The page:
Doing Business in a Box

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The Byzantine drop-off rules at Goodwill or the Salvation Army can stymie would-be donors who want to clear their closets of ill-fitting, outdated or frayed clothes. Donation times are often limited to just a few hours on designated weekdays. But there is an alternative: the brightly colored drop boxes that are popping up outside grocery stores and gas stations in nine major cities across the country. The 1,400-odd USAgain bins collected 8 million lbs. of clothing last year. LET YOUR USED CLOTHES GET A SECOND LIFE, reads a sign on these checkered boxes, all of which are emblazoned with an American flag as well as a triangular recycling logo. But only some of the bins reveal a key detail: USAgain (pronounced "use again") is not a charity but "a clothing recycling business" that sells the bulk of these donated items to Third World countries.

There's a huge market for secondhand clothing overseas, particularly in sub-Saharan Africa, where few can afford to buy new clothes. And it's no secret that nonprofits like the Salvation Army fund their aid programs by selling donated goods to exporters. But USAgain is the first unabashed — albeit vaguely labeled — for-profit firm to establish a nationwide presence in the U.S. The company, based in Elgin, Ill., is teaming up with recycling contractors in cities like St. Paul, Minn., where residents can leave bags of clothing on the curb alongside paper and plastics. But some towns have sent USAgain packing. "This wasn't about goodwill for the community," says Frank Bergman, mayor of Cahokia, Ill. "This was about making money." USAgain claims it has never presented itself as a charity. "We communicate at the boxes that this is a company," says Poul Jorgensen, who heads the firm's operations in Atlanta, Dallas and New York City. But that communication is often solely through the tiny ".com" in the Web address.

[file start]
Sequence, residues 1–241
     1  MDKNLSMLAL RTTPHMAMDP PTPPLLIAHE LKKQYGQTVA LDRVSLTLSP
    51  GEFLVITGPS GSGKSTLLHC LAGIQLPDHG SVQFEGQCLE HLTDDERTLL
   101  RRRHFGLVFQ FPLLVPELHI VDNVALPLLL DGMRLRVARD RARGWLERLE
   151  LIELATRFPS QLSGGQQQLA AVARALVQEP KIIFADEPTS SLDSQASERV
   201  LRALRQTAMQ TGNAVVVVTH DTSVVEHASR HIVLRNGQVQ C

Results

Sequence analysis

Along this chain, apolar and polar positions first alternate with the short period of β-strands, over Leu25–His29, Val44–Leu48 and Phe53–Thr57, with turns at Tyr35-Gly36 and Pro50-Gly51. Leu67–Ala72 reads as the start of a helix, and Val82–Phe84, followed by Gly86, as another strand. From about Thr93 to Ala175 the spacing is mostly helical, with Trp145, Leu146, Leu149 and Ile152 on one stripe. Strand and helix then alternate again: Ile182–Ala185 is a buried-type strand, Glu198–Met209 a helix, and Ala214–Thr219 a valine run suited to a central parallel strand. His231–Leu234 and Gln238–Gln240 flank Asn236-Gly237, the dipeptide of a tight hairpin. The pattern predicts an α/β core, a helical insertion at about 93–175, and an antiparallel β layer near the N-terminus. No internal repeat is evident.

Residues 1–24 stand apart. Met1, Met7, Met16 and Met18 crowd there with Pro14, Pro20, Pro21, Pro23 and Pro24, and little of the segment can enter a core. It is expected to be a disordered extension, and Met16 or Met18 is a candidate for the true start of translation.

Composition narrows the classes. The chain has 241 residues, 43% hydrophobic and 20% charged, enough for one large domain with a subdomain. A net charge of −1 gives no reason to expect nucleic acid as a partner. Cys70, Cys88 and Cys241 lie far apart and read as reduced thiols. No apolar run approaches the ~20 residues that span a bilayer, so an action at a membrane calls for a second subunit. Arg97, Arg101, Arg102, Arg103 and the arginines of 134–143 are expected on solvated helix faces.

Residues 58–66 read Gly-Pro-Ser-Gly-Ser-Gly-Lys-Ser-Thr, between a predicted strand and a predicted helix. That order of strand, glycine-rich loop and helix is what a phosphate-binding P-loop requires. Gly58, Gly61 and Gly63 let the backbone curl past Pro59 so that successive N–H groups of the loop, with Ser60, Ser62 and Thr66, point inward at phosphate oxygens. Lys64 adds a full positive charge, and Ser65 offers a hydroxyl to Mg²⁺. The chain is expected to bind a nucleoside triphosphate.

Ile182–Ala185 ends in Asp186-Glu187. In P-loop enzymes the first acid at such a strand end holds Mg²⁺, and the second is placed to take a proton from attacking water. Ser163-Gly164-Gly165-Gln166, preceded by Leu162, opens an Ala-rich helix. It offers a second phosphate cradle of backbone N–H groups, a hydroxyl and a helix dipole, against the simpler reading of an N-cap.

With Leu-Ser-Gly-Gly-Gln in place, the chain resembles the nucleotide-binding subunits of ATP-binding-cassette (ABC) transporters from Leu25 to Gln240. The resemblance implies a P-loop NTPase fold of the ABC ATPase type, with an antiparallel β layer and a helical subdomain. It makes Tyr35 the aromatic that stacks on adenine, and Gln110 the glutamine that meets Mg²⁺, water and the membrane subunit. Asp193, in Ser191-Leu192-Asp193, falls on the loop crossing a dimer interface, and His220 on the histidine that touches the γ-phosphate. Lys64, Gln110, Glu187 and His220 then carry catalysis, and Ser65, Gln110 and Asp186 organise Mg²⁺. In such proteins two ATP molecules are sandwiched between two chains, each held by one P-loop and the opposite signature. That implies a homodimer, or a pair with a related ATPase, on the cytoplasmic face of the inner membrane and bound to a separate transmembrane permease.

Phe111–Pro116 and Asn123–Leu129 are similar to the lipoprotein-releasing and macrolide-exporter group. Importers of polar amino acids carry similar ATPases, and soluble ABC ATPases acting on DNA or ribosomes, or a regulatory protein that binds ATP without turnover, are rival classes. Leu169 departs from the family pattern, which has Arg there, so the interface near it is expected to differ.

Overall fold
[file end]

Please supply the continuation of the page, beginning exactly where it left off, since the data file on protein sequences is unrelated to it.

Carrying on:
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USAgain's success can be largely attributed to careless altruism. Donors like doing good deeds but aren't big on due diligence. Most don't realize USAgain operates for profit — at least not until they try to get a receipt for tax purposes — and business owners who agree to host the boxes are often just as clueless. "Never, never did they mention they were making money off of it," says Kathleen Murtz, who accepted a request from the company to place a bin outside her home-decor boutique in Lake Zurich, Ill. "If I had known they were going to sell the clothing for profit, I wouldn't have gotten involved."

USAgain often lets money do the talking. The four-year-old company, which plans to enter Philadelphia this fall, partners with dozens of schools and churches, that are paid $20 to $40 per ton of clothing collected, which USAgain sells for a few hundred bucks. "We don't have to sell wrapping paper anymore," says Jane Ruidl, principal of Seattle's Perkins School, which raked in five tons of clothes last summer alone. "We just have the box out there."

Goodwill and the Salvation Army have shied away from clothing-collection bins in part because the contents often get contaminated by dirty diapers, dog droppings and other unwanted donations. As higher gas prices force nonprofits to cut back on home pickups, USAgain is filling a niche. "We have to empty some of the boxes every day," says CEO Mattias Wallander, 33. "And we're not competing with anyone," Jorgensen says, "because there's so much being thrown out."

Indeed, major nonprofits have not reported any decrease in clothing drop-offs. "But we want people to think as much about their clothing donations as their cash donations," says Goodwill's marketing chief, Dave Barringer. Nonprofits have to report where their money goes. Private companies don't. And potential donors who balk at USAgain's for-profit status may be even less pleased to know that the firm is run by Scandinavians associated with a secular cult whose leaders are on trial in Denmark for tax fraud and embezzlement. No USAgain executives have been accused of any wrongdoing, and Wallander says of the cult, "That has nothing to do with how I run this business." But knowing that it is a business might influence where donors drop off their clothes.